In my post above I was not suggesting that “success" is a function of S&M spend, rather I was talking about subscriber numbers, i.e. the theme of Richard’s article, did you read it? Inadvertently I seem to have facilitated you taking the thread off down a different path, do you have any comments on his observations or questions?

You and, as I say, many others, conflate success with subscriber numbers, but if you continuously produces losses (to a great extent by spending on S&M) are you really successful? Is the top line really all that you look at? As Richard asks, how about other metrics?

Your blog does talk about a bigger picture and the user experience, but then this is subjective, if I had only ever used Xero (and you told me often enough) I could see myself giving you a high user experience mark, but then I sat in front of one or two of your competitors and other cloud software.

Does it not matter to you that your excellent marketing may be collecting sheep, and should it not matter to the sheep that the ram might have a bad day and decide to leap off a cliff?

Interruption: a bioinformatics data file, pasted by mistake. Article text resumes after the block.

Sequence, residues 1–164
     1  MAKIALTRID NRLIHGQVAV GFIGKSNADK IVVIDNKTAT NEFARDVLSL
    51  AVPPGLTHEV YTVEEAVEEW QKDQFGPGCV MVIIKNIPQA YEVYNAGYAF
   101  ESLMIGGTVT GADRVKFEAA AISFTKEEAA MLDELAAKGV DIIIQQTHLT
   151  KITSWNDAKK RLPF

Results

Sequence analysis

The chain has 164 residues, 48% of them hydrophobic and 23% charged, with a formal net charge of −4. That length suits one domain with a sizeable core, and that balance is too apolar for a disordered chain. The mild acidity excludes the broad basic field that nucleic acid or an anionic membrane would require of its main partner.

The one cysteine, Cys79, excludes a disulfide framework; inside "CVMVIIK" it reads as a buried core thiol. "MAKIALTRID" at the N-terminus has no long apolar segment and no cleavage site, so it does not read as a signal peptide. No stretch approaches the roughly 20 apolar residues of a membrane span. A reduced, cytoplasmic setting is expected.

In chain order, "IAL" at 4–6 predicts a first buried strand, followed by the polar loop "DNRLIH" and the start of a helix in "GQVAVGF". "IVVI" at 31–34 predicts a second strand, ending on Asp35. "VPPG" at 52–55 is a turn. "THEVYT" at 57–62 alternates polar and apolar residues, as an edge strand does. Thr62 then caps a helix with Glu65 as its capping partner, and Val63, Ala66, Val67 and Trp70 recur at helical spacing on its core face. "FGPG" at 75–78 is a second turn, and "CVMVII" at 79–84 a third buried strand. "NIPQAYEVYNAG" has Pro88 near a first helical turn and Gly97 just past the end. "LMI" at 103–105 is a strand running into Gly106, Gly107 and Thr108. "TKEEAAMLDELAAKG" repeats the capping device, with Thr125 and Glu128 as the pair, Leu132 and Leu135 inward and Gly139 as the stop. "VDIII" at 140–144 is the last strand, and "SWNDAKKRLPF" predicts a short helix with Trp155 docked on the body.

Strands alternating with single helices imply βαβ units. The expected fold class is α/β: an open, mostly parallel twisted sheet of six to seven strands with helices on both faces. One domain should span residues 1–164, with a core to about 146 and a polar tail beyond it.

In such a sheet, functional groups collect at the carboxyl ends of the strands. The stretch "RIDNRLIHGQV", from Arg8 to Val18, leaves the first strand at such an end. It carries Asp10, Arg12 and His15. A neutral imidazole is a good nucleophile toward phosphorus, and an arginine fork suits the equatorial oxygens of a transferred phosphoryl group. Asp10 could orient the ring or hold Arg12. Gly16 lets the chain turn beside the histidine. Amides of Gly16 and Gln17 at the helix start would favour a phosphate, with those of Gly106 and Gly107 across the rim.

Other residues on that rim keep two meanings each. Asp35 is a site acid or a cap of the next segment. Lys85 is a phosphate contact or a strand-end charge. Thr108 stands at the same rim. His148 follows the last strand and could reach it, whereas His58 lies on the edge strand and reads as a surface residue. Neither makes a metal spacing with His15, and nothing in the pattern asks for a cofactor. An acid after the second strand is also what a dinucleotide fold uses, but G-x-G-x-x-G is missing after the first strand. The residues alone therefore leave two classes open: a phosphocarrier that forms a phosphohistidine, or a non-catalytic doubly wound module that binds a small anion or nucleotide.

As a user, I want reliable, easy to use software that is going to be around long term, innovates when legislation and technology changes, offers UK phone support to me and my clients, doesn’t overcharge me and, if it becomes a market leader, doesn’t milk me by stagnating. From my experience Xero is reliable but on most of the rest, it’s average.

To me therefore, on their own, subscriber numbers are pretty irrelevant.

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to Paul Scholes
20th Jun 2017 08:19

I didn't contribute to this article, had I done I would definitely have pointed to other measures of success besides subscriber numbers.